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Figure 8. Analysis of genes in liver fibrosis-relevant network module M5.

A) Hierarchical clustering of 640 chemical exposures using genes in liver fibrosis-relevant network module M5. The conditions that clustered with four liver fibrosis-producing conditions are highlighted and listed. Genes with Z-scores>2 are colored in red. Genes with Z-scores <−2 are colored in green. Genes with Z-scores between 2 and -2 are colored in yellow. NA in the table represents that histopathological data was not available for that chemical exposure condition. B) Average Z-scores across the genes in module M5 for each of the 640 chemical exposure conditions.

https://doi.org/10.1371/journal.pone.0112193.g008

To evaluate whether network module M5 activation was specific for liver fibrosis, we plotted the average Z-scores of M5 genes in each of the 640 chemical exposure conditions (Figure 8b). The M5 genes were mostly activated in liver fibrosis-related chemical exposure conditions and showed very low activation in other chemical exposure conditions (Figure 8b). Exposure to rosiglitazone, a PPAR-γ agonist, produced an opposing effect on expression of the genes encoding the protein products in M5 (i.e., down-regulation as measured by log2 ratio values; Figure S3). This result was consistent with the evidence that PPAR-γ agonists prevented liver fibrosis in experimental models [70].

Finally, we used two external gene expression datasets (GEO datasets GSE13747 and GSE6929) to evaluate the relevance of module M5 in liver fibrosis. The overlap of genes between the M5 module and the processed GSE13747 and GSE6929 datasets was 66 and 65, respectively. In the study associated with the GSE13747 dataset, liver fibrosis was induced using bile duct ligation. We observed the predicted positive correlation of gene expression data between the DEGs in this dataset and the genes in module M5 (r = 0.78, Figure 9a). In the GSE6929 dataset, sunitinib, a multi-kinase inhibitor, was used to treat experimental liver cirrhosis. As expected, we observed a negative correlation (r = −0.46) between log2 ratio gene expression data from GSE6929 and M5 (Figure 9b). Thus, the external dataset further supports the validity of M5 genes in liver fibrosis.

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Figure 9. Validation with external datasets.

M5 gene expression compared with external datasets. A) GSE13747 represents liver fibrosis produced by bile duct ligation. B) GSE6929 represents sunitinib (SU11248) treatment in liver cirrhosis.

https://doi.org/10.1371/journal.pone.0112193.g009

In this work, we showed the utility of integrating gene expression and PPI network analyses to understand the molecular-level details of liver fibrosis and to identify biomarker candidates. The presented computational approach has general applicability for characterizing adverse health effects. For example, our approach can be used to computationally predict toxicity pathways associated with specific diseases. Recent work has suggested that the body's response to toxic exposures and the resulting disease progression proceed through a finite set of toxicity pathways [84]. As stated earlier, the available knowledge-based pathway databases are limited in coverage and susceptible to annotation biases towards well-studied diseases. The computational approach presented in this work enabled us to partly overcome these limitations and develop de novo pathways linked to a specific disease. In particular, we believe that our approach could be used to further understand the molecular basis of adverse health effects such as acute kidney injury, liver cholestasis, liver steatosis, and myocardial infarction. More recently, the concept of adverse outcome pathways (AOPs) has been proposed as a novel tool in mechanism-based predictive toxicology [85]. The AOPs provide a flow-chart-like mechanistic representation of adverse health effects and consist of a molecular initiating event and a series of intermediate key events that lead to the final adverse outcome [85]. Our computational approach will be applicable to the development of novel AOPs; we believe that network modules, such as the liver fibrosis module (M5) identified in this work, could be used either as a key molecular event or used to quantify the reversibility or point of departure of key events in AOPs.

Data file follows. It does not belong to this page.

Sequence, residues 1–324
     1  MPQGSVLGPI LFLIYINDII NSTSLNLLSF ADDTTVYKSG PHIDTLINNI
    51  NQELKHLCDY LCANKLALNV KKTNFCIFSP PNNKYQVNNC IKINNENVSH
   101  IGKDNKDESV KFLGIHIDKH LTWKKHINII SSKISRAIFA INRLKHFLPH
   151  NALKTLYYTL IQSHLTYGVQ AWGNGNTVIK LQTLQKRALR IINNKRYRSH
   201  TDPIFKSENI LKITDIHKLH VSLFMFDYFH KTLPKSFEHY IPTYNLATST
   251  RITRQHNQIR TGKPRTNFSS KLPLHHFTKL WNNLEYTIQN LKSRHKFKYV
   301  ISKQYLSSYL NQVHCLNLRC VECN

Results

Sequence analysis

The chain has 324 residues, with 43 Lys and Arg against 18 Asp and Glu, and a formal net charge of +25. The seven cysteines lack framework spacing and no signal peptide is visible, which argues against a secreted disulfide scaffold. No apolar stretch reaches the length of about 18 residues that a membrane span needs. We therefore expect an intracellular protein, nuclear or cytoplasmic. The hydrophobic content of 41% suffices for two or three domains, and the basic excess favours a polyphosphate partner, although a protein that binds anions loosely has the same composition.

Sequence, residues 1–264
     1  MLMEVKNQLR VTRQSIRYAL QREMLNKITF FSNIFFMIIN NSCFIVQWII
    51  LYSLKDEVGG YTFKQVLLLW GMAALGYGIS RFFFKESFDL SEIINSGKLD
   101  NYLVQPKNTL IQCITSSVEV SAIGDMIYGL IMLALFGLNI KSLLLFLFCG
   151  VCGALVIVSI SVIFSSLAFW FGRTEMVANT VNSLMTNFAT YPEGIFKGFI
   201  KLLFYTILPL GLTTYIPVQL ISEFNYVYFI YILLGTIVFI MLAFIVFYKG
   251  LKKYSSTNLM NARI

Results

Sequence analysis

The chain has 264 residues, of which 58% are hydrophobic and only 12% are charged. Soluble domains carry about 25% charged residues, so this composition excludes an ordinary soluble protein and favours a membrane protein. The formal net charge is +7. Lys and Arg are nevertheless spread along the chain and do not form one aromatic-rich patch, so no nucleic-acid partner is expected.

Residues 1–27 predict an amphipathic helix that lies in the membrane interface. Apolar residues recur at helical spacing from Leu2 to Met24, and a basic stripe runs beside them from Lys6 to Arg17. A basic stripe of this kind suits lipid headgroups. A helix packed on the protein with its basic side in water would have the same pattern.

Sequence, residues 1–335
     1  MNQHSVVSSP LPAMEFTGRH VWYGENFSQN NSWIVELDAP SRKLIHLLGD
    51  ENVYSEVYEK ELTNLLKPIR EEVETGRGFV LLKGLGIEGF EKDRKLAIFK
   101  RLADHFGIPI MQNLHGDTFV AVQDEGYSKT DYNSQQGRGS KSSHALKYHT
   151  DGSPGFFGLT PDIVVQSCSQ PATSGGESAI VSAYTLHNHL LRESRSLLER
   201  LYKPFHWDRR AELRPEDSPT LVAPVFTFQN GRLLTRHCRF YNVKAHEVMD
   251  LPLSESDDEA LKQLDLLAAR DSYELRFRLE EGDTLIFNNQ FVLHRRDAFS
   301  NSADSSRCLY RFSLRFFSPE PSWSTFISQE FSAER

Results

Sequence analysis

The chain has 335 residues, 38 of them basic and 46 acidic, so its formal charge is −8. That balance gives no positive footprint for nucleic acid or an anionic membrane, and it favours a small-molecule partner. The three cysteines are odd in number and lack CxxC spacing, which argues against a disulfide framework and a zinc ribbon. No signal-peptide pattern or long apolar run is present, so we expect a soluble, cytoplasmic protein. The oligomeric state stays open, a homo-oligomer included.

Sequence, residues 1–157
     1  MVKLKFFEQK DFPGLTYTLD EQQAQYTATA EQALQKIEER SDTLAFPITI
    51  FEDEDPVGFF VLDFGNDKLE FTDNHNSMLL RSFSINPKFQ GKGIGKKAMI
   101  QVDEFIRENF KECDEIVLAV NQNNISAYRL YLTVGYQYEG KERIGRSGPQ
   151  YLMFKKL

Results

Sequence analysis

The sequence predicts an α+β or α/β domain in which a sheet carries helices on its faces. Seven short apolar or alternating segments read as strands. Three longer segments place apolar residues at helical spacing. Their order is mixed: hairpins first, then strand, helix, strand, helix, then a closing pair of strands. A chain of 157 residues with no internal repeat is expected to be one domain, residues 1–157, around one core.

Conclusion

We have carried out systems-level analyses of gene expression data for periportal liver fibrosis. We found that both pathway and network analyses provided insights into the molecular mechanisms of liver fibrosis. Network analyses allowed us to generate de novo pathways and overcome the limitations of analyses based on KEGG pathways. We identified a liver fibrosis-relevant network module that was enriched with known liver fibrosis-relevant genes predictive of liver fibrosis and validated it with external data. The systems approach used in this study allowed us to generate liver fibrosis-relevant pathways and have the potential to predict mechanism-based biomarker candidates.